Let there be no doubt: For the US Armed Forces, satellites are not just nice to have. Nor do they just make the difference between victory and defeat. No. They make the difference between being able to operate and not being able to operate. Take one example. Only a short generation ago (when yours truly was in uniform), all naval officers and some enlisted men were trained to fix ships’ positions by the sun and the stars, and to plot courses with parallel rulers  and slide rules. Nowadays, they do these essential tasks ever so much better with the help of Global Positioning satellites. But they would not know what to do with the old tools, if they had them. Take away GPS, and they are up the proverbial creek.

  Almost the same goes for ground and air forces. Nowadays, their instruments, fed by satellite data, allow them to hit their targets by shooting just a few rounds or missiles. Once upon a time, before satellite data made everything accurate, many more planes and tanks would have had to shoot much more than that. But today’s forces are not as numerous as yesterday’s and don’t have as much ammunition as yesterday’s. Take away the satellites, and their weapons and tactics make no sense. That is why anyone who cares for the lives of Americans in uniform, never mind their success, has no choice but to care a lot about our satellites.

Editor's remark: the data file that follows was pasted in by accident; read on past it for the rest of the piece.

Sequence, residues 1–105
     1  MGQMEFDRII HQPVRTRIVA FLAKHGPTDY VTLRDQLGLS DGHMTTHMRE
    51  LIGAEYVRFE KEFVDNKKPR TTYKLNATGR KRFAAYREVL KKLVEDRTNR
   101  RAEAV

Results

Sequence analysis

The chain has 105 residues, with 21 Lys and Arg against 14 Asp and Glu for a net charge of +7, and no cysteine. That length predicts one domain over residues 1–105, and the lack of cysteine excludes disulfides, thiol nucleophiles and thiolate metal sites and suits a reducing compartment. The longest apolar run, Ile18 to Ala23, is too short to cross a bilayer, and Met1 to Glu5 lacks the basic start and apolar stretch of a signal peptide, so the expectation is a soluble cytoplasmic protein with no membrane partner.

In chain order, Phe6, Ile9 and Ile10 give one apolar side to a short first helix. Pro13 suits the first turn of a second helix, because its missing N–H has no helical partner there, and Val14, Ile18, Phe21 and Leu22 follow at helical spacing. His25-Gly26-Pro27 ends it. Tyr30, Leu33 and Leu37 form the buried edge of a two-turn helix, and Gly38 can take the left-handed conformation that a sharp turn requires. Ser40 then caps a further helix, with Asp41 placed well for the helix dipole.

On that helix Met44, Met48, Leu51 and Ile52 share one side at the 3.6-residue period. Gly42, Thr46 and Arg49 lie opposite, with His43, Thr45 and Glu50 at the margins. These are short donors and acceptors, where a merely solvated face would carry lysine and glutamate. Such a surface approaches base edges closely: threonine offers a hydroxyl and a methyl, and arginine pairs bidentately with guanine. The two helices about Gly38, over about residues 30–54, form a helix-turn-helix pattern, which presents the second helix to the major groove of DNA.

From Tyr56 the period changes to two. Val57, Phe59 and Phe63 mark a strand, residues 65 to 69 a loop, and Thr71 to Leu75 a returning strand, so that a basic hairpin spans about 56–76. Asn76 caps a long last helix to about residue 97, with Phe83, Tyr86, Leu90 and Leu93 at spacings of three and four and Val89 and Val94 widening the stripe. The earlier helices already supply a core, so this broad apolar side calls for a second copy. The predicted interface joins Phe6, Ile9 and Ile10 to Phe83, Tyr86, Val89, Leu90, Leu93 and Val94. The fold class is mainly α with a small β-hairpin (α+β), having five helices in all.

Rightly but insufficiently, the Wall Street Journal and the right reacted to China’s reminder of the reality of ASAT weapons by insisting that America get its own. Sure, because China among others has its own network of orbital eyes and ears, which its military would rather not lose, there is every reason for the US to shut them down in case of war. But because America is more dependent on satellites than any other country, any enemy is sure to gain far more from destroying our satellites than we are from destroying his. That is why any serious enemy will attack our satellites and why any serious American must want to defend them.

  In the past, such defense of satellites as we have had has been wholly passive. Because satellites are inherently fragile, we have toughened their skins a bit, secured their electronic links, and in some cases provided things analogous to circuit breakers to guard against weak ground-based lasers. Because orbital locations are predictable, we have made a few of our satellites more difficult to detect through stealth technology. But we can no more make them invisible than we can make tanks out of them. Hence defense must be active: Something has to shoot down whatever is shot at them.

   Theoretically, there are two ways of doing this. But providing each satellite with an armed escort (or endowing each with the capacity to shoot at whatever comes too close) is impractical. The sole practical way of enforcing “keep out zones” around satellites analogous to the safety zones that warships secure for themselves is to place the equivalent of guard stations into the several orbital planes that our satellites occupy, in sufficient numbers and with sufficient range, to control access to the satellites in those orbits.